Our only full day on Tuesday in Iona was well spent. We attended a Morning Prayer service at Iona Abbey as well as an evening healing prayer service. In between, we ate a marvelous breakfast of scrambled eggs, sautéed mushrooms and toast at our hostel. We assembled sandwiches to pack, chose a bag of "crisps" and added a banana (they were huge!) or a tasty apple. After we filled our water bottles, we set off for St. Columba's Bay to visit the spot where St. Columba and 12 brother monks landed on Iona so many centuries ago.
The peak of Dune I beckoned the pilgrims. The mountain filled our view from the Hostel's kitchen window, and as we walked toward the Abbey for the second time that day, its heights called out to the pilgrims' youthful spirit and energy. Views from the top are spectacular as reported by those who climbed to the tip-top.
After everyone regrouped at the base we strode along the one-lane road for only a few more minutes, past farm homes and fields of sheep and a Celtic cross. Our next stop was to tour the Abbey, its grounds and the small museum. A rich history of saints, famous and ordinary, was told through stone carvings, restored buildings and the ministry of the residents of the Iona Community.
We walked through the ruins of the Nunnery and continued past the ferry landing to head to the southern end of Iona. We reached a beautiful field that stretched for hundreds and hundreds of yards. Indeed, it was part of the Iona Golf Course. Just past the sand trap for Fairway #3, our path rose a bit higher to overlook the edge of the island. We continued onward and at last were greeted with a most surprising site- a beach of smooth rounded stones, large to small, tens of feet high, overlooking a very small inlet. Hillsides on either side rose sharply from the beach, and one large rock outcropping in the middle of the beach sent out its siren call to the adventurous. The acoustics of the bay are interesting. Pilgrims on the beach could hear conversations from the hillside, and vice versa. The stones were warm and colorful. The grassy area was soft and comfortable. We ate our sandwiches, chose rocks to bring home, laughed and talked, climbed hills, and rested our sore calves. We walked the narrow paths of two labyrinths made of stone, created by pilgrims who preceded us.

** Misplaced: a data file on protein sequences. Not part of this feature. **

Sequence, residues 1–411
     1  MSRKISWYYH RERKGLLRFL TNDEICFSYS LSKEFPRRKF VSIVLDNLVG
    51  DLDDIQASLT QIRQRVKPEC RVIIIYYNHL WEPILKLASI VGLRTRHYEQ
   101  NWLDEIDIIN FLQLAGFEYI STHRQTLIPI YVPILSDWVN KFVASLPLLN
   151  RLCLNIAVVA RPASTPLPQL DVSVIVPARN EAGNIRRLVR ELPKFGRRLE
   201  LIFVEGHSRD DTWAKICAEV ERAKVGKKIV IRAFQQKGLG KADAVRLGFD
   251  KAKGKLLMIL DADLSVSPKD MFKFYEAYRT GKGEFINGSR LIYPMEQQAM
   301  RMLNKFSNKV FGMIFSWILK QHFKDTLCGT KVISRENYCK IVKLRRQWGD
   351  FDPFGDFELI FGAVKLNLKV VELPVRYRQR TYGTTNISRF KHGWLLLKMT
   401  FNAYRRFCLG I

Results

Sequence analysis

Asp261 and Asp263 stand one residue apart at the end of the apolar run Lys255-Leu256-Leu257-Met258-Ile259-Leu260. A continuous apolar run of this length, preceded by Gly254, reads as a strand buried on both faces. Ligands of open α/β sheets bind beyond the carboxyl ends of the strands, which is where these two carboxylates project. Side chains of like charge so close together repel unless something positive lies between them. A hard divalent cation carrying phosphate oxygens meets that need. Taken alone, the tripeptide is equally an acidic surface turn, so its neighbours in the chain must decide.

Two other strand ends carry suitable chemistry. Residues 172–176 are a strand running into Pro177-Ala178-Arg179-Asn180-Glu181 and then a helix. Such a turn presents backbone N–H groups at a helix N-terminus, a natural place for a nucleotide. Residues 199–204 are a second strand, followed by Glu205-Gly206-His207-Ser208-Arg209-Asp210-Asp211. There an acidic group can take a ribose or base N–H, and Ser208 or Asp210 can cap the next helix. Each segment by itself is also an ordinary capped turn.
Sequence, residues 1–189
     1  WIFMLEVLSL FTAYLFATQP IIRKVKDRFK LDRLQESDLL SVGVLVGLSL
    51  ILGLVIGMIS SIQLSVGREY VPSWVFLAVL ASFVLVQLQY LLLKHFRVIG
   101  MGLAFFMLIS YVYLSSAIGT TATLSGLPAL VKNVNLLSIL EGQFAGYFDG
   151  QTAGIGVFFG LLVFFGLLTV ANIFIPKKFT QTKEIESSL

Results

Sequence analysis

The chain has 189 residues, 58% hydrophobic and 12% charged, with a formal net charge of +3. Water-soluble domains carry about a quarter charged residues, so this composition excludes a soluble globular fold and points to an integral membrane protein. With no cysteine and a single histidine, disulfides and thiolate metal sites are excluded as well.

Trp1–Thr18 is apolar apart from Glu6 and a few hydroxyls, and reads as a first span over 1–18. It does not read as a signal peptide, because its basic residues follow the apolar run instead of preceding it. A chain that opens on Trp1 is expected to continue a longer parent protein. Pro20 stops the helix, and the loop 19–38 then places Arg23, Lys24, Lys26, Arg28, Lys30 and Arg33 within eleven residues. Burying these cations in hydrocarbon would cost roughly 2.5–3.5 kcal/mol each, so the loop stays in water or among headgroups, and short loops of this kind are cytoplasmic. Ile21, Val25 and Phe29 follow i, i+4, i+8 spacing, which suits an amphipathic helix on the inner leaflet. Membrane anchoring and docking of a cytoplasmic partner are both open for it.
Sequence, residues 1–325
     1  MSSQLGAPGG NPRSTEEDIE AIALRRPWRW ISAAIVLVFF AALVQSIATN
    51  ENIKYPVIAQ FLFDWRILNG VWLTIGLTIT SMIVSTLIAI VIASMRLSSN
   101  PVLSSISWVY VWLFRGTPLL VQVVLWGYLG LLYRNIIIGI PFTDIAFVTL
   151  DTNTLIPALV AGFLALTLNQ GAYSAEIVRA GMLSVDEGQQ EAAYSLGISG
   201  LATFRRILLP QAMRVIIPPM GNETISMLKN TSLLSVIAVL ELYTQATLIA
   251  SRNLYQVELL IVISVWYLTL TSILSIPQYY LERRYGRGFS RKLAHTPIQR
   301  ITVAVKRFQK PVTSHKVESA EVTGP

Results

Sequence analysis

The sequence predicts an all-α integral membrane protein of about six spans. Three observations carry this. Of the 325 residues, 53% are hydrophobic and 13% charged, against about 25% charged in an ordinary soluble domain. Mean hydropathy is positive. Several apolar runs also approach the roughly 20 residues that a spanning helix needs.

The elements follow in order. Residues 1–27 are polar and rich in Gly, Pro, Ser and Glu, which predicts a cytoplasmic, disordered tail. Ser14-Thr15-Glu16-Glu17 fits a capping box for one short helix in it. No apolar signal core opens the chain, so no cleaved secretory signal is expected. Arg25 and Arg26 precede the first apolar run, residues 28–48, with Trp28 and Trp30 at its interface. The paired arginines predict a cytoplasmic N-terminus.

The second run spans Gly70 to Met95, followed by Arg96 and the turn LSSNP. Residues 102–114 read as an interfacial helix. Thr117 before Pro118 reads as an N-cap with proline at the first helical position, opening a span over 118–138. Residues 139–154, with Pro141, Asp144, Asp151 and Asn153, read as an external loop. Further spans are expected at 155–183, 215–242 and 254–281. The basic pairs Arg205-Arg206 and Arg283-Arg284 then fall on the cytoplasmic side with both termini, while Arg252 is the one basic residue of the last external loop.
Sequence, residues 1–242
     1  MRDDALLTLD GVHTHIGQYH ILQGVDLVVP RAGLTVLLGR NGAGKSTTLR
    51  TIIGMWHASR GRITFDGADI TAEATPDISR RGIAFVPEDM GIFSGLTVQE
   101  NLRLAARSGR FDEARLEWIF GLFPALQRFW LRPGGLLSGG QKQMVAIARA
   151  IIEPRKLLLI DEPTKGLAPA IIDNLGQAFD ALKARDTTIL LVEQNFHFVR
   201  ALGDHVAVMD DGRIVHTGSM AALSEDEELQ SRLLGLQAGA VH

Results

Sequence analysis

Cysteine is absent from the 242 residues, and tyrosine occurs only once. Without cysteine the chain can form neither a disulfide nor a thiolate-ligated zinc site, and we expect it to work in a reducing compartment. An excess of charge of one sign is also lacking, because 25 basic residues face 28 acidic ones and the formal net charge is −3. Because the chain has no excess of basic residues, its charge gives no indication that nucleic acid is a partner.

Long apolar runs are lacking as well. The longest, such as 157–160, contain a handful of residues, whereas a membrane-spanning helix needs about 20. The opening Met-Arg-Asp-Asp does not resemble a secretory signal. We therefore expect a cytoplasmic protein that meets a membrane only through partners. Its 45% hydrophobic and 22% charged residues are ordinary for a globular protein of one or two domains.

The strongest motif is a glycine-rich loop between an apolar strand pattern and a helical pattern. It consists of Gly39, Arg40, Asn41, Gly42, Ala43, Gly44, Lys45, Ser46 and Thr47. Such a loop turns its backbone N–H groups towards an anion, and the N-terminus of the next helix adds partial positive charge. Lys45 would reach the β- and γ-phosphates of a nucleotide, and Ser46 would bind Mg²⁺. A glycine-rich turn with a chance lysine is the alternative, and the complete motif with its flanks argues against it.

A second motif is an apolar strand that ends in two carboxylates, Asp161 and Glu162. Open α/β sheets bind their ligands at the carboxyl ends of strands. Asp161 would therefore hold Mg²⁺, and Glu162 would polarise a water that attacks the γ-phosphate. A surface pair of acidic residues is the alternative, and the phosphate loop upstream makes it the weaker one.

As we left, we each chose a stone from the special place in the life of Christianity to add to a cairn, a "way marker" in formation. John Spencer, our most wonderful Wonder Voyage director, told us cairns were built along pathways to guide pilgrims to holy places, and mark thoroughfares in earlier times. He shared with us his tradition of offering a prayer for someone special or for a particular concern and placing a rock from the beach onto the cairn before leaving this beautiful bay. The pilgrims stood silently as each in our turn walked to the cairn, placed our rock onto the monument and quietly strode toward the path toward home, contemplating our prayers.
Dinner in Iona awaited us, and we eagerly devoured our evening repast. Seafood at Martyr's Bay Restaurant is excellent!
After a beautiful evening healing prayer service, complete with laying on of hands, the pilgrims, weary but spiritually nourished, walked back to the hostel where our beds welcomed us. Before everyone retired, we went around the room for "Joy, Junk and Jesus." Each pilgrim revealed a moment from the day that sparked great joy, the moment of deepest despair and the moment when the presence of Jesus was most evident.
We heard from John S. of the opportunity to celebrate Eucharist with an American Episcopalian priest in residence for one week at The Bishop's House at 8:00 am Wednesday morning. We agreed to an early start for the next day and headed off to our rooms to sleep for the last night on Iona.